Automated electronic laboratory reporting (ELR) for public health requires the detection of specific positive clinical laboratory results.[1
] However, clinical laboratory results are often identified by idiosyncratic local codes that represent identical concepts in different laboratory systems.[4
] Mapping local laboratory test codes to the LOINC® vocabulary standard enables interoperable data sharing and aggregation from many sources.[5
] Many forces in the current healthcare environment are accelerating the standardization of laboratory result exchange, including the Meaningful Use (MU) criteria established as part of the U.S. Centers for Medicare and Medicaid Services (CMS) electronic health record (EHR) incentive program.[6
] However, the task of mapping each local code in a laboratory test dictionary to a code from a vocabulary standard can be daunting because it is a complex and resource demanding process.[7
Previous work has shown that as few as 80 distinct laboratory result codes can account for over 80% of the total volume of laboratory results seen in a typical health care system.[4
] When faced with the challenge and cost of mapping local codes to a standard vocabulary in resource-limited settings[9
], one potential strategy to mitigate this burden is to focus the mapping effort on the highest volume tests. We refer to this frequency-based approach as “selective mapping.”
Regenstrief Institute, in collaboration with the Lister Hill National Center for Biomedical Communications at the National Library of Medicine (NLM) have developed an empirically derived list of the 2,017 most commonly reported LOINC codes (which we will refer to as the “LOINC Top 2000”).[10
] The codes in the LOINC Top 2000 represent about 98% of the test volume carried by three large organizations that mapped all of their laboratory tests to LOINC codes. The LOINC Top 2000 presents a much more manageable target than trying to match all of the codes in a typical laboratory’s 2000–5000 term dictionary to one of the 68,000 LOINC codes in current release (December 2011). In addition, Regenstrief and NLM have developed a “Mapper’s Guide” [11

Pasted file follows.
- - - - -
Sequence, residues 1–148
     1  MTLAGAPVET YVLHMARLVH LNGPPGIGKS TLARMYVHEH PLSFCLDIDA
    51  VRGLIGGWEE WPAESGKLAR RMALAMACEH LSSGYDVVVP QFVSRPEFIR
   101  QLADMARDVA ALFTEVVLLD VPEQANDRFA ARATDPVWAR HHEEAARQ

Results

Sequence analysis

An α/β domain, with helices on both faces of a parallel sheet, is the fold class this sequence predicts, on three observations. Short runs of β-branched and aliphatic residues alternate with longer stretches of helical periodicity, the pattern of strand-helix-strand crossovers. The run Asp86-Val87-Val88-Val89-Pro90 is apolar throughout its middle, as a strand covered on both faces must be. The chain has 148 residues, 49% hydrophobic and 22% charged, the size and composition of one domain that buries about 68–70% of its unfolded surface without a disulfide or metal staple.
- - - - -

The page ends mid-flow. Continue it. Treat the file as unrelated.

] that contains assistance about which codes from the LOINC Top 2000 to choose for which purpose. The guide was developed to aid small-to-medium sized organizations achieve the requisite LOINC mapping necessary to achieve MU using the LOINC Top 2000.
Many clinical providers have considered a strategy to first map this selective set of clinical codes to mitigate the burden of mapping the plethora of individual local codes to standard code equivalents. This strategy, referred to as selective mapping, is being considered by providers as an interim step to meet the requirements of the Stage 1 Meaningful Use (MU) criteria established as part of the U.S. Centers for Medicare and Medicaid Services (CMS) electronic health record (EHR) incentive program.[12
Public health agencies, in response to MU and to a decrease in available resources, are relying more on automated methodologies such as an ELR to collect and analyze information relevant for public health surveillance and outbreak management. ELR has been shown to positively impact notifiable disease reporting and surveillance, improving both the timeliness and the volume of notifiable disease cases reported to public health agencies.[13
] However, the selective mapping approach may have adverse consequences for public health as it relies more on automated electronic laboratory reporting systems for the reporting of notifiable diseases and population-based surveillance in the community.
To achieve and sustain successful automated ELR for public health reporting, reportable laboratory results must be mapped to a standard code set. This enables the receiving information system at the public health agency to correctly interpret the test and result communicated from the sending information system in the laboratory, hospital, or other health care facility. In other words, mapping enables semantic interoperability between the laboratory, provider, and public health. However, the potential impact of a frequency-based, selective mapping approach on ELR to public health has not yet been evaluated.
The Centers for Disease Control and Prevention (CDC) developed and published the Reportable Condition Mapping Table (RCMT), a resource that provides mappings between reportable conditions and their associated LOINC coded laboratory tests and SNOMED CT result values.[16
] A key use of the RCMT is as a filter for identifying which laboratory results should be sent to public health. If local laboratory test codes are not mapped to LOINC, then they cannot easily be automatically reported to or interpreted by the public health agency. Therefore, in addition to the codes in the LOINC Top 2000, the LOINC codes in the RCMT also represent an important target for mapping. If the results that must be reported to public health are not of significant frequency in the relatively small set of large volume clinical laboratory tests, selective mapping based on frequency alone may hinder efforts to increase the usage of ELR to public health.
Given the potential for unintended consequences to public health, the purpose of this study is to evaluate the impact of selective mapping strategies on real-world automated laboratory result notification. Specifically, we evaluated the notifiable disease results from a large operational health information exchange with respect to the codes contained in the LOINC Top 2000. Examples of codes that are included in this dataset are presented in an extract of this list in .
Extract of Observation Codes from the MICRO Class of the LOINC Top 2000 Clinical Observation Codes.